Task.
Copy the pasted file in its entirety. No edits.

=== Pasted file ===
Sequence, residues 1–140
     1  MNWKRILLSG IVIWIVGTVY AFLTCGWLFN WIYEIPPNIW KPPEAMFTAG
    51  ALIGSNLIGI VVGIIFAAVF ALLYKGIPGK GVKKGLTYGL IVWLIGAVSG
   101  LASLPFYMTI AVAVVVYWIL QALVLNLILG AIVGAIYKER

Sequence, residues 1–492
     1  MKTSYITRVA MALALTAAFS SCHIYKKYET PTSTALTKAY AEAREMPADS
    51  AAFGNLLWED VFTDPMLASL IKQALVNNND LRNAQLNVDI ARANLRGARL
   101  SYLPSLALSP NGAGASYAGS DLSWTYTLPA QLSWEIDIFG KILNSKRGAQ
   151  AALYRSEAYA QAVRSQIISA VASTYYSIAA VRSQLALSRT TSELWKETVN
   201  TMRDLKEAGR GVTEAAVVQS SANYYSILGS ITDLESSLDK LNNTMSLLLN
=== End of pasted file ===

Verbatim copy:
Sequence, residues 1–140
     1  MNWKRILLSG IVIWIVGTVY AFLTCGWLFN WIYEIPPNIW KPPEAMFTAG
    51  ALIGSNLIGI VVGIIFAAVF ALLYKGIPGK GVKKGLTYGL IVWLIGAVSG
   101  LASLPFYMTI AVAVVVYWIL QALVLNLILG AIVGAIYKER

Sequence, residues 1–492
     1  MKTSYITRVA MALALTAAFS SCHIYKKYET PTSTALTKAY AEAREMPADS
    51  AAFGNLLWED VFTDPMLASL IKQALVNNND LRNAQLNVDI ARANLRGARL
   101  SYLPSLALSP NGAGASYAGS DLSWTYTLPA QLSWEIDIFG KILNSKRGAQ
   151  AALYRSEAYA QAVRSQIISA VASTYYSIAA VRSQLALSRT TSELWKETVN
   201  TMRDLKEAGR GVTEAAVVQS SANYYSILGS ITDLESSLDK LNNTMSLLLN